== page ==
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Irish apple crop above average this seasonUnlike other European countries Ireland has seen a pretty normal apple season, with average to above average volumes. Even the freak hurricane which tore through the country last month didn't really affect the volumes.
"There was a bit of frost in some areas but it was localised. The storm mostly affected the cider apples, as growers harvest the table apples earlier and they were mostly all harvested. The cider apples were shaken from the trees by the wind instead of falling naturally or being shaken off by machine, but would not have been damaged any more than normally. The biggest problem is a bottle-neck at the processors, the apples would normally have been removed from trees over a four week period, but they were all blown off in one day," explains Con Traas from The Apple Farm.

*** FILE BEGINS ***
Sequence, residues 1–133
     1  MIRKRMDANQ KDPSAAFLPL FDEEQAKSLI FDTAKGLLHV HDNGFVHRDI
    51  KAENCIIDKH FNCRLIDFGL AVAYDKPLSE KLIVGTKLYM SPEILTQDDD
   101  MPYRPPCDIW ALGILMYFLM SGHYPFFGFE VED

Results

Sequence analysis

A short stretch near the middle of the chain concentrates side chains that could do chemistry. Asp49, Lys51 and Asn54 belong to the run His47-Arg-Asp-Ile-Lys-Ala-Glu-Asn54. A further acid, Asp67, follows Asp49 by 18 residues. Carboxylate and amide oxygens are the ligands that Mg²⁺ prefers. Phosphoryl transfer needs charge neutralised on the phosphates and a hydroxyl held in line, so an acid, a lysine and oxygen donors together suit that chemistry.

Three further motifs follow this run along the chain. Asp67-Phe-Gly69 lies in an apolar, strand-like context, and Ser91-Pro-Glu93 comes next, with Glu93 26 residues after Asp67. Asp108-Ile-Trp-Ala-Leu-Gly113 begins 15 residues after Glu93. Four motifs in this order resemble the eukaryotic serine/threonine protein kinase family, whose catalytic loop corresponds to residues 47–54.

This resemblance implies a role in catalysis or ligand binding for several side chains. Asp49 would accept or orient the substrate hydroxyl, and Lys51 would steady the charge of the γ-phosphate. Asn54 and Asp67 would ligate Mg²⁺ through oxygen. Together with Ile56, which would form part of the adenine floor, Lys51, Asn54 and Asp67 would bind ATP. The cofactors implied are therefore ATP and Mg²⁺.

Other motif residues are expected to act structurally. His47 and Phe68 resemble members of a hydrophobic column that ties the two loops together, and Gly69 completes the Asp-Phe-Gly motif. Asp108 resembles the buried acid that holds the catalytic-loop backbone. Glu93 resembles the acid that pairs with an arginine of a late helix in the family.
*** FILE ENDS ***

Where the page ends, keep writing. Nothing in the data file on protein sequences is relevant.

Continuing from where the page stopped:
Con grows 100% table apples on 14 hectares in Tipperary where he produces between 500-600 tonnes of apples. He supplies the retail and wholesale markets as well as selling a variety of apple related products from the farm and online.
The apple market has been quite buoyant this season due to the shortages in other European markets. The main eating varieties are Jonagored, Red Prince and Red Elstar clones, and Bramley’s Seedling is the main cooker. The Irish climate is too cold for Pink Lady apples but there have been some trials of Jazz and other licensed varieties, though unfortunately they are not that well adapted for the Irish climate.
For more information:
The Apple Farm
Tel: +353 52 7441459
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